We recently brought news of the BulkyPix announcement that the much anticipated iOS port of Eric Chahi's Another World will be landing in the App Store on September 22nd. Xavier Liard of DotEmu, the studio developing the iOS version, put us in touch with the game's renowned author to discuss details of the upcoming release.
As we indicated yesterday, Another World for iOS will feature both the graphics of the original game as well as re-mastered "HD" graphics done specifically for this release. (A two-fingered swipe up the screen will toggle the visuals at any time.) In speaking with Chahi, I learned that this 20th Anniversary Edition of the game is running a tweaked version of the core script from acclaimed 15th Anniversary Edition, as executed by Chahi's own custom script interpreter that has been converted from 68000 assembly to C++. All of the sounds in the game have been re-mastered as well, to deliver an enhanced audio experience as compared to the original.
The preferred control method on the Amiga original was the keyboard. The iOS version brings two different methods of controlling our hero. The first and easiest to visualize is an on-screen virtual D-pad. The second method is a system that the developer refers to as "Touch Mode" and indicates that a great deal of time was put into it, to get things just right.
Touch Mode presents almost no visual control interface on screen. Lester's movement is controlled in this mode by tapping on, or dragging outwards to, the left or right side of the display. A double-tap sends him into a sprint, and sliding up or down initiates a jump or a duck. Chahi likens this control mode to the system used in Mirror's Edge. One difficulty the developers faced in engineering this mode was the number of simultaneous actions that Lester can perform, such as running and jumping. To make this work, once Lester is running, a swipe up the screen will send him into a long jump -- there's no need to sustain a touch to keep him running. Chahi indicates that this mode is particularly useful on the iPhone and iPod touch, where one's fingers obscure a much greater portion of the screen as compared to the iPad.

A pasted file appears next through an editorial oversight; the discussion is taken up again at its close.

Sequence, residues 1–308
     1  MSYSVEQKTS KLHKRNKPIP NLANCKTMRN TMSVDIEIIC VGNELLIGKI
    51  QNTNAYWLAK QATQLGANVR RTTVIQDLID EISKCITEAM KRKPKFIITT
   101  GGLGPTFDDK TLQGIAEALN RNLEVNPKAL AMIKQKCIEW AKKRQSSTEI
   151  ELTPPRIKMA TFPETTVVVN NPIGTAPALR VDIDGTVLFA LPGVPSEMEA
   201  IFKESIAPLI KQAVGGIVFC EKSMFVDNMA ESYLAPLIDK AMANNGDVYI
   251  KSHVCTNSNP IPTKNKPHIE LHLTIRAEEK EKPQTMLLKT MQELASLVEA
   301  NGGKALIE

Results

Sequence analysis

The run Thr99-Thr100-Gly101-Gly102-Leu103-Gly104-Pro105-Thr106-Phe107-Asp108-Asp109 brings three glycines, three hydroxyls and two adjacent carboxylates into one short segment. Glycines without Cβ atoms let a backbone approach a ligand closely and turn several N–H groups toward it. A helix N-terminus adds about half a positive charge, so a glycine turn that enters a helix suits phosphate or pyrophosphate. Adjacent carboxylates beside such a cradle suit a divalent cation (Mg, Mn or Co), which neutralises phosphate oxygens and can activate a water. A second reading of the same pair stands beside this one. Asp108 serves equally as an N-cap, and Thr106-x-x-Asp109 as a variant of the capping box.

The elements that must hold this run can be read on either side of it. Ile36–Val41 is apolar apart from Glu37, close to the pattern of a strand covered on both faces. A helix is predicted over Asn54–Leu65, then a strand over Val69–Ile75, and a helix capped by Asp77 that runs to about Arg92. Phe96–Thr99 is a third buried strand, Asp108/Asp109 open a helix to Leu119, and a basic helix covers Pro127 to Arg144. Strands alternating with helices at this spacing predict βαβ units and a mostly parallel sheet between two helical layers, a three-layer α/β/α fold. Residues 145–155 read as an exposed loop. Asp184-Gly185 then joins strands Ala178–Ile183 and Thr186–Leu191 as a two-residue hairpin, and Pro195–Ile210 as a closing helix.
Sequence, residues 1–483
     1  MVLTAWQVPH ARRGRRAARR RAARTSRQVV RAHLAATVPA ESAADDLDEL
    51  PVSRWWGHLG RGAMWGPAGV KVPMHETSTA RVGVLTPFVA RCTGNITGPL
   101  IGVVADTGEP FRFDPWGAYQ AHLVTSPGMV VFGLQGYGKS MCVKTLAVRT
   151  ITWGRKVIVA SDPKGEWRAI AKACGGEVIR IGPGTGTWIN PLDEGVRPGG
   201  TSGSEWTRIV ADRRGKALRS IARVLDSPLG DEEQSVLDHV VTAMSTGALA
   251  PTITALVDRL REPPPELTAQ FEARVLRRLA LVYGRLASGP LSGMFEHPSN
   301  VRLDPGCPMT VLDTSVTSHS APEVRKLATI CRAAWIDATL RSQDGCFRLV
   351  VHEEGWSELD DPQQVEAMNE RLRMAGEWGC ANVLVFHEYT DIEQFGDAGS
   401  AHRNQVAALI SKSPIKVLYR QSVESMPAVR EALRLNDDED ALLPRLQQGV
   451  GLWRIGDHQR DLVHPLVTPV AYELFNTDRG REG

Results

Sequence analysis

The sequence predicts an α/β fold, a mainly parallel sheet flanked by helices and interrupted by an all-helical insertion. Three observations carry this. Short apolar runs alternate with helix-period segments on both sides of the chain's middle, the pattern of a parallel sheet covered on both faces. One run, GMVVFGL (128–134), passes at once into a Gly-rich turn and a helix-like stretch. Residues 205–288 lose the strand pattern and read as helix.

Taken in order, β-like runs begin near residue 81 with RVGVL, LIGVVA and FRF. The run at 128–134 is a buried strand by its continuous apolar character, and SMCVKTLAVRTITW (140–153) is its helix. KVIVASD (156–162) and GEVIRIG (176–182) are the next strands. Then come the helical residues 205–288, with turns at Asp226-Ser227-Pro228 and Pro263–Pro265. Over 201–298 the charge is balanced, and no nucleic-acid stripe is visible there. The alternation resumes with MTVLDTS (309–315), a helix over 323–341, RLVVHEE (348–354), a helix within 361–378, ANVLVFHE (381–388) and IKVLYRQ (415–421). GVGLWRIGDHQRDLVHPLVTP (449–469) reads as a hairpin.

The developers demonstrate the game's controls and difficulty settings in a brief gameplay video.
I pressed Chahi to try and get a hint as to what we might have to look forward to in the way of future iOS projects like, oh...I dunno, From Dust, maybe… Well, it turns out that his excellent XBLA God game is not presently slated to make an App Store appearance (though he did speculate that the next iteration of the iPad's CPU might just be able to pull off such a game). But that's not to say that Another World is all we'll ever be seeing from this talented designer on our devices. In fact, during my conversation with Chahi, he expressed clear enthusiasm for the iOS platform and the flexibility that its multitouch interface and rich, sharp display bring to gaming. The generous physical display size of the iPad, in particular, excites him, making it the member of the iOS family that holds, for him, the most interest. Chahi tells me that the overall development opportunity that the iOS platform brings to gamemakers reminds him of the long-gone days of developing for the late '80s game consoles such as the Gameboy and the Atari Lynx.
It was a real pleasure to chat with the master about his masterpiece, and iOS gaming in general. Another World is an exquisite work and had a significant impact on me when I first experienced it 20 years ago. I am so very pleased to know that a new generation of gamers will soon have the opportunity to experience Another World for themselves. I encourage anyone familiar with the game or simply intrigued by what they've read here to watch Eric Chahi's excellent GDC 2011 presentation, Classic Game Postmortem: Another World / Out of this World, hosted at the GDC Vault.
You can count on our in-depth look at Another World as soon as the game arrives in the App Store on the 22nd of this month.